Health care expenses to increase for Duluth school district
Duluth school district health insurance costs will jump substantially next year, following years of decreases or smaller increases after a 2010 switch to a statewide managed-care plan.Costs will rise by 6.9 percent, and add about $165,000 in expe...
Duluth school district health insurance costs will jump substantially next year, following years of decreases or smaller increases after a 2010 switch to a statewide managed-care plan.
Costs will rise by 6.9 percent, and add about $165,000 in expenses for health care that weren’t budgeted for next year. The district projected and planned for a 6.5 percent increase.
The increase in expenses comes at a time when the district is working to trim more than $3 million from its annual budget of about $100 million.
Since joining the Minnesota Public Employees Insurance Program, health insurance increases have been much smaller than when the district used a private health care insurer, the district’s business services director Bill Hanson told the School Board at a Monday committee meeting.
The switch, he said, “has had quite a positive impact for us.”
But expenses have gone up, he said.
Last year, the increase was less than 1 percent and less than 2 percent the year before. Not having to spend as much on health care helped offset last year’s deficit.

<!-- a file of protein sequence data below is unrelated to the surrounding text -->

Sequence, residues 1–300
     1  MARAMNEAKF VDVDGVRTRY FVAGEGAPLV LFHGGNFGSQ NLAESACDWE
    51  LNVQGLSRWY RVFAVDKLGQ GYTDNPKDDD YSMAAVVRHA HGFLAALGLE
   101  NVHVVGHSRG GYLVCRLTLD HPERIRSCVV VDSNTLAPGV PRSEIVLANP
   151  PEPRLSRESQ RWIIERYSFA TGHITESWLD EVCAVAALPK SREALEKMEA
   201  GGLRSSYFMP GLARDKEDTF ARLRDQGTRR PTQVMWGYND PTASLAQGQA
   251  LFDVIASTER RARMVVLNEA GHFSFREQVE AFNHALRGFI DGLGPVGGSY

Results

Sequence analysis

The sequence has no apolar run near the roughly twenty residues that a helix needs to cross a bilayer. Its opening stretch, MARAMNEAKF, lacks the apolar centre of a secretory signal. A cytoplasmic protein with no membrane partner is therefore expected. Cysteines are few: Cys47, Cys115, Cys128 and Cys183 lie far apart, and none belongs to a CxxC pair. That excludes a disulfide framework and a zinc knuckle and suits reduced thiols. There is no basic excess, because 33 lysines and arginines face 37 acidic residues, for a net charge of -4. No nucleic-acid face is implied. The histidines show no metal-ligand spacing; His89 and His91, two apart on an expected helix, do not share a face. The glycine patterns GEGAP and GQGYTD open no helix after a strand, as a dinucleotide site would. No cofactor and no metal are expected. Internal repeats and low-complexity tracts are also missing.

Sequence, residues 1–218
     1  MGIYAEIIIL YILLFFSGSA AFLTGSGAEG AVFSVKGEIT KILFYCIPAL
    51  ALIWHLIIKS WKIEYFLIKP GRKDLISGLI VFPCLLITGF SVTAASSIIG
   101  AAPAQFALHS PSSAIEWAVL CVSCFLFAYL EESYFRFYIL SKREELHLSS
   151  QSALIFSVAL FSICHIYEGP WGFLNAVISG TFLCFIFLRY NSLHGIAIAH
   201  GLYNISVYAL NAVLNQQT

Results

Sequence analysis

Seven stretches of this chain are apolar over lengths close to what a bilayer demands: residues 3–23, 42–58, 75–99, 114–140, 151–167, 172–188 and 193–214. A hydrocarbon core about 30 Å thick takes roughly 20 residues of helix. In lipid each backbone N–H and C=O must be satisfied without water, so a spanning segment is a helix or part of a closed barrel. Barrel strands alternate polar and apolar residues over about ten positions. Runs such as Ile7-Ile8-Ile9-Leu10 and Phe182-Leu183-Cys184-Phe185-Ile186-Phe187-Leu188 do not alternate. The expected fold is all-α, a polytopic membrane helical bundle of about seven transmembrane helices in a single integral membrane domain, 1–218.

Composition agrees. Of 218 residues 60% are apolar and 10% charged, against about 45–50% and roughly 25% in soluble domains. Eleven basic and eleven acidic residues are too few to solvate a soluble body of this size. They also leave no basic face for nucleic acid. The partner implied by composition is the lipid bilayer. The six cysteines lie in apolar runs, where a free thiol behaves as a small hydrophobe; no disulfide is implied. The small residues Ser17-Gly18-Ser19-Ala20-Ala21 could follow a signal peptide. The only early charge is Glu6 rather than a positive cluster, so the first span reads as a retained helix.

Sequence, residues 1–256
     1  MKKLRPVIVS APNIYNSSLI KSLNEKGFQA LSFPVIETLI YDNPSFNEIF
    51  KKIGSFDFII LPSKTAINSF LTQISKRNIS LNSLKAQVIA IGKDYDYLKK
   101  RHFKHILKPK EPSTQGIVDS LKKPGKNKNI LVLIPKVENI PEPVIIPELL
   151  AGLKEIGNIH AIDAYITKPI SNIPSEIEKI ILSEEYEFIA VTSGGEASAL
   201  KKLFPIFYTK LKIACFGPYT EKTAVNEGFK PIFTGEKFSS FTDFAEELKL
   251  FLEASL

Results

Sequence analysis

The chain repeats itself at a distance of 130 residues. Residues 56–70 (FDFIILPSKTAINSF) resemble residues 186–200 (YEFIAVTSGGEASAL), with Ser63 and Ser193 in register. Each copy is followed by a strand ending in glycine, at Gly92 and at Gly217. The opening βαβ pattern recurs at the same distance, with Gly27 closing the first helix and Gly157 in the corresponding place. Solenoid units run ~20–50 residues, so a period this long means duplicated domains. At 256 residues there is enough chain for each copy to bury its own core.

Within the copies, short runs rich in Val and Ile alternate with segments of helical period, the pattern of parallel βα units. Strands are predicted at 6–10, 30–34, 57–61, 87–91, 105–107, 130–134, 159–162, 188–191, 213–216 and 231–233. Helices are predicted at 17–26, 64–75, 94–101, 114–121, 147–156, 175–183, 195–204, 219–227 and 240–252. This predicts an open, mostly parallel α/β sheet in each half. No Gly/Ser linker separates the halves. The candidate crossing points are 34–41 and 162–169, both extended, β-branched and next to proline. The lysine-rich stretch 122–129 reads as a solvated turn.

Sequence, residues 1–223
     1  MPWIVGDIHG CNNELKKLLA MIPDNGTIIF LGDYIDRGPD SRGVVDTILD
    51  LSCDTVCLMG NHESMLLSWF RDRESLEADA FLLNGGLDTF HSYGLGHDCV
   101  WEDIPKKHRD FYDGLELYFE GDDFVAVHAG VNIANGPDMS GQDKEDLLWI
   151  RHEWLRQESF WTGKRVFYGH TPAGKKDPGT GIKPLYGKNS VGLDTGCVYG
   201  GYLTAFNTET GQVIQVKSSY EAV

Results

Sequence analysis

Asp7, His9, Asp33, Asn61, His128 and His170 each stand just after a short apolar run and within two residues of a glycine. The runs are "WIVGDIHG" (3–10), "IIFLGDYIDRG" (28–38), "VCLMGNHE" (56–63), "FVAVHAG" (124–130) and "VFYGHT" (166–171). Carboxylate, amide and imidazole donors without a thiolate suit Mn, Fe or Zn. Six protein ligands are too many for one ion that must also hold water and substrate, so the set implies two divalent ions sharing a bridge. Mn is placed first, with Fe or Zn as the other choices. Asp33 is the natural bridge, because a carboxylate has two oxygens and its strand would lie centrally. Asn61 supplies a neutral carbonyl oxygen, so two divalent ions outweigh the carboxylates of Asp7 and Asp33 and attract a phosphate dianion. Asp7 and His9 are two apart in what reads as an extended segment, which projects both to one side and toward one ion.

The program in 2010 was chosen in part because it spreads risk over a much larger group. Last year, the plan included 68 school districts.
Of the $165,000 unbudgeted, the majority - $125,000 - will go toward the health reimbursement accounts of the 1,059 employees who are part of the plan. The rest will go toward plan increases. The district’s contributions toward those accounts will increase by $100 for single users and $200 for family coverage. Single employees currently receive $1,900 and families $3,800 per year. Out-of-pocket expenses such as deductibles and co-payments for prescriptions are increasing, which is why that amount is going up, Hanson said. The accounts were added because of higher deductibles and co-payments under the state plan. The district experienced years of double-digit cost increases under prior plans.